the fact the steward presented the grievance does not disturb the intent of this provision, that
matter be brought promptly to the attention of the immediate supervisor. Thus the
finds no merit in the County's contention that the grievance is not arbitrable because the
presented the grievance. The undersigned also finds that the County did not dispute
testimony that he presented this matter no differently then how he had presented grievances
past. Thus Grigar's July 25, 1996 letter that Buehring may be too informal when presenting
grievance does not refute his testimony that he presented this grievance no differently than he
presented grievances in the past. However, because Davey is a relatively new supervisor,
record demonstrates this was the first grievance presented to him, Davey could reasonably
conclude that Buehring's actions did not constitute the filing of a grievance. The fact that
is a new supervisor does not mean that Buehring was required to change his presentation
Further, there is no evidence which would demonstrate that Buehring had in the past made
unfounded claims or falsified documents to support a claim made by the Union. Thus,
diary, even though it was marked in
different ink and looking as if the notation had been added at a later date as pointed out
County, supports Buehring's testimony that he presented the matter. Therefore the
concludes the matter, as presented by the Union, complied with the provisions of Step 1 of
parties' collective bargaining agreement's grievance procedure and the grievance is therefore
A careful review of the parties' collective bargaining agreement demonstrates there is
specific provision which mandates that overtime be assigned by seniority. There is evidence
when there is overtime requiring the use of specific equipment that the employe who
operates that equipment is asked to perform the overtime. The grievant's testimony
that if Haas had used the D8 instead of the D5 to perform the overtime he would not have
a grievance. The record also demonstrates that Haas was originally informed to use the D8
only after he arrived at the work site was a decision made to change to the D5. Thus, based
the testimony of the Union's witnesses, the original assignment of Haas to perform the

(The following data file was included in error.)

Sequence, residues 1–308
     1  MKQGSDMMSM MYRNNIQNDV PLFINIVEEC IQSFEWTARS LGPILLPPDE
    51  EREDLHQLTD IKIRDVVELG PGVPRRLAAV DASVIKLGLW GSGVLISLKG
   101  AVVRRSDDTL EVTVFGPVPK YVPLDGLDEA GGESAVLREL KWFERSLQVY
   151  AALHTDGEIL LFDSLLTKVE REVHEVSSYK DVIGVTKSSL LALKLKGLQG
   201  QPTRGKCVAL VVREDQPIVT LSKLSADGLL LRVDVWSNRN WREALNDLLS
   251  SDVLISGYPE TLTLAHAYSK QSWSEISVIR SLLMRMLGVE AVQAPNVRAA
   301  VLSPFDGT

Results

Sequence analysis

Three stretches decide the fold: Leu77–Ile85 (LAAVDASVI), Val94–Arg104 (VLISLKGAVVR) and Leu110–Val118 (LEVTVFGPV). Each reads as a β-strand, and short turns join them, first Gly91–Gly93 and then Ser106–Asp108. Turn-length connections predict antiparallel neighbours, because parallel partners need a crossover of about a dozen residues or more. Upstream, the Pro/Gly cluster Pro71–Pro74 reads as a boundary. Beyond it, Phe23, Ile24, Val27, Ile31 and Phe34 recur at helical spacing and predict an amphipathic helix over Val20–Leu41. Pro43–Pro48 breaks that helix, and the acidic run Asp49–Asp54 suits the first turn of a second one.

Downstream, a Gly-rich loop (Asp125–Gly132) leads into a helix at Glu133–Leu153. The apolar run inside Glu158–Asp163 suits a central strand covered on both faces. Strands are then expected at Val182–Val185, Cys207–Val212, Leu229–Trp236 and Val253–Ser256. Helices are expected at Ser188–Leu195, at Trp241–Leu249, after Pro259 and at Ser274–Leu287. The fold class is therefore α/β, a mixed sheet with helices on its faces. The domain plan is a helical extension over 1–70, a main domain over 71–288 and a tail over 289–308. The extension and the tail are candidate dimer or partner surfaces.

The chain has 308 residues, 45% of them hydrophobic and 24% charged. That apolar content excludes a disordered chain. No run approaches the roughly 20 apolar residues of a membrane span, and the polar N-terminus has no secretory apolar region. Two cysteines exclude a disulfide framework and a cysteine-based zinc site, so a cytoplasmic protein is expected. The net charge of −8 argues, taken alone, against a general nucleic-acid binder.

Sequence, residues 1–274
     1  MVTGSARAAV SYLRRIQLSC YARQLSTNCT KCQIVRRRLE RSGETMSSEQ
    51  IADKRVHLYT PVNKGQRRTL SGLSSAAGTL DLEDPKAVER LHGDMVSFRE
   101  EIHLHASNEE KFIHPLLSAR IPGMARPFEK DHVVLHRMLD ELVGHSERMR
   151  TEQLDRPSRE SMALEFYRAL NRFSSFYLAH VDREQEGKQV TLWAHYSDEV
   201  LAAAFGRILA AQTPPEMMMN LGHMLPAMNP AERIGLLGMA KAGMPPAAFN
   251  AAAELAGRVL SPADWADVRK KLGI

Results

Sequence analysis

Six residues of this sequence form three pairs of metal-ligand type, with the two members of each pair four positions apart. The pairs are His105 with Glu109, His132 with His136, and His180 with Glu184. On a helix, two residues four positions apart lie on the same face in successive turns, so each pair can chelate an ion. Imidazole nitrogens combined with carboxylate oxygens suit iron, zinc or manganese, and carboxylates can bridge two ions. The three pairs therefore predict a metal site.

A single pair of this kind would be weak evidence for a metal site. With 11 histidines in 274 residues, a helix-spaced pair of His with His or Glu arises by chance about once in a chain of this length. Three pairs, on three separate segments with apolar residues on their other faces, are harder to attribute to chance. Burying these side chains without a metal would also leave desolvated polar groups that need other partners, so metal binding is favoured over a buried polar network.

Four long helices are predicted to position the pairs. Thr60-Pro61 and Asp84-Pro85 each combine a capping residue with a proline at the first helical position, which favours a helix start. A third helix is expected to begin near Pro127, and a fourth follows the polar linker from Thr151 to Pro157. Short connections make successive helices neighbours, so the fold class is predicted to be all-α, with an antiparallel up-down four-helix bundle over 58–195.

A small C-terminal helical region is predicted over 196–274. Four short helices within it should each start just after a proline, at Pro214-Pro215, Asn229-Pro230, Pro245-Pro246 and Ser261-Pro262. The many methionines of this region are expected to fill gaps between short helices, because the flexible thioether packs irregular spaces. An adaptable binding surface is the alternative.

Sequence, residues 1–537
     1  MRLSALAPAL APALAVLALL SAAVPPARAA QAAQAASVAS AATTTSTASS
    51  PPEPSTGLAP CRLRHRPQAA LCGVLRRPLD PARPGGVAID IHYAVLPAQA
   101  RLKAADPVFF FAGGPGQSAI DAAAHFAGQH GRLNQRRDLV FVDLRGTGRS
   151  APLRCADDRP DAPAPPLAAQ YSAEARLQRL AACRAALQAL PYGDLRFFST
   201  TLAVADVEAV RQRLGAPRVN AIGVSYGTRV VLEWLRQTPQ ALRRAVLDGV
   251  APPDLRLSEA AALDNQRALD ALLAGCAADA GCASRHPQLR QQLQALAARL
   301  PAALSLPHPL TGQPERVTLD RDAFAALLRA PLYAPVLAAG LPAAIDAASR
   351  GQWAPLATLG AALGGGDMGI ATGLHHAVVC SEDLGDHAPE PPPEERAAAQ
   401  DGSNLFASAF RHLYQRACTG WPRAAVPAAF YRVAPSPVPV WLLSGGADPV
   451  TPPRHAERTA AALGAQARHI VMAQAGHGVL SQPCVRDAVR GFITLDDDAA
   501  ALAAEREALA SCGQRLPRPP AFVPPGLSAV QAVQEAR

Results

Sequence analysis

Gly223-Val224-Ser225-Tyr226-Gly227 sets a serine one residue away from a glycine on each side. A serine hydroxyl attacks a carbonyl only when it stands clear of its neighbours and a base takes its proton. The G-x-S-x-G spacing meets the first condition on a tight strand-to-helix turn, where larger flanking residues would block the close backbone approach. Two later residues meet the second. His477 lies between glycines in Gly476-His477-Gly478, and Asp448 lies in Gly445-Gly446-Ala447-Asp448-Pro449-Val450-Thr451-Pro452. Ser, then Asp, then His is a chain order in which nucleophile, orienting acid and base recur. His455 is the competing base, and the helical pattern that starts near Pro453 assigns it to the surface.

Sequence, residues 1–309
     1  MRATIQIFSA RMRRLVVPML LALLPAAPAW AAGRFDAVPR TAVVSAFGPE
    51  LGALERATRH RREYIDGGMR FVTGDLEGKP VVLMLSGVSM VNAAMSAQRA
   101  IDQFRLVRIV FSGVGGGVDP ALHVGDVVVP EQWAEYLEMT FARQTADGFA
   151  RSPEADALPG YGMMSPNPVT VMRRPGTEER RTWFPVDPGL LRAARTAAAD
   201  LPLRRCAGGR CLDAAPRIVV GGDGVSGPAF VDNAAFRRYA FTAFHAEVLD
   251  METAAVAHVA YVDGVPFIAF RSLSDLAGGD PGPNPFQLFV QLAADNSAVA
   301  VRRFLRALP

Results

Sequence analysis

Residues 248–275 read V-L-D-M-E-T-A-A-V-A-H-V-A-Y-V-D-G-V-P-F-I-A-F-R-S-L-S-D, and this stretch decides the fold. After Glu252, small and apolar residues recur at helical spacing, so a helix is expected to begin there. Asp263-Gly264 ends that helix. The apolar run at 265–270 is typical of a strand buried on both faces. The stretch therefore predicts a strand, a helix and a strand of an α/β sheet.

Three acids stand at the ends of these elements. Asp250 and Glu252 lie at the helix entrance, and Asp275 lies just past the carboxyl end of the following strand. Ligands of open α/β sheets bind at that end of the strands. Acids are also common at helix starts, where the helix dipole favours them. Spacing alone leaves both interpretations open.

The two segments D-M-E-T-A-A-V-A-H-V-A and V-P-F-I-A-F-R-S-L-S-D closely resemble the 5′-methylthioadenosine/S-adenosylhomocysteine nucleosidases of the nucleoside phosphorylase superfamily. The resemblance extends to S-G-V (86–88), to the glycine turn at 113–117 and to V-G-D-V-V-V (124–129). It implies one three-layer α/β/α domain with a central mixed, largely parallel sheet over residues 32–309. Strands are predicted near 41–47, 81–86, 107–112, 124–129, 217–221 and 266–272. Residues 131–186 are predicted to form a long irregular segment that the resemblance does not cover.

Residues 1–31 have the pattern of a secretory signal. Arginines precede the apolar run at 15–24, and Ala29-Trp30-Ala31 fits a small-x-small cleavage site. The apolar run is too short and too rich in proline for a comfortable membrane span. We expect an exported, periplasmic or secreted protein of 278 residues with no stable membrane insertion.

did not violate any provision of the collective bargaining agreement or any practices that may
The record also demonstrates and the Union did not refute that Haas performed the
majority of the landscaping work at the new Highway Department facility. The County has
asserted it normally assigns any overtime to employes who are performing or familiar with
job. The Union presented no evidence which would refute this assertion. Thus the
concludes that the County's assignment of Haas to use the D8 to perform overtime work at
new Highway Department facility did not violate any provision of the collective bargaining
agreement or any practices that may be in existence.
The record demonstrates that after Haas arrived at the new Highway Department
his supervisor determined the D8 was too heavy for the task because of wet conditions and
directed him to use the D5 to perform the job. By this time, approximately 3:45 p.m., most
employes, including the grievant had left work. There is nothing in the record which would
demonstrate that at this time the County was required to call in a more senior employe to do
task or that the County was required to call in the employe who normally operated the D5.
burden is on the Union to demonstrate such a requirement. There is no requirement that
employes operate specific equipment in the collective bargaining agreement. The record
demonstrates the grievant was qualified to operate the D5. There is also no evidence that
the County had in the past changed its mind on which piece of equipment to use in an
situation that it called in more senior employes if the available employes already performing
overtime were qualified to operate the equipment needed to perform the job. The
concludes the Union has failed to demonstrate that the County violated the collective
agreement or any practices which may exist when it assigned Haas to use the D5 to perform
Therefore, based upon the above and foregoing, and the evidence, testimony and
arguments presented the undersigned finds the County did not violate the collective
agreement when it assigned the overtime to Haas. The grievance is therefore denied.
1. The grievance is properly before the Arbitrator.
2. The County did not violate the collective bargaining agreement when on July 11,
it offered overtime to a less senior employe and failed to offer it to a more senior employe.
Dated at Madison, Wisconsin, this 2nd day of March, 1998.
Edmond J. Bielarczyk, Jr. /s/
Edmond J. Bielarczyk, Jr., Arbitrator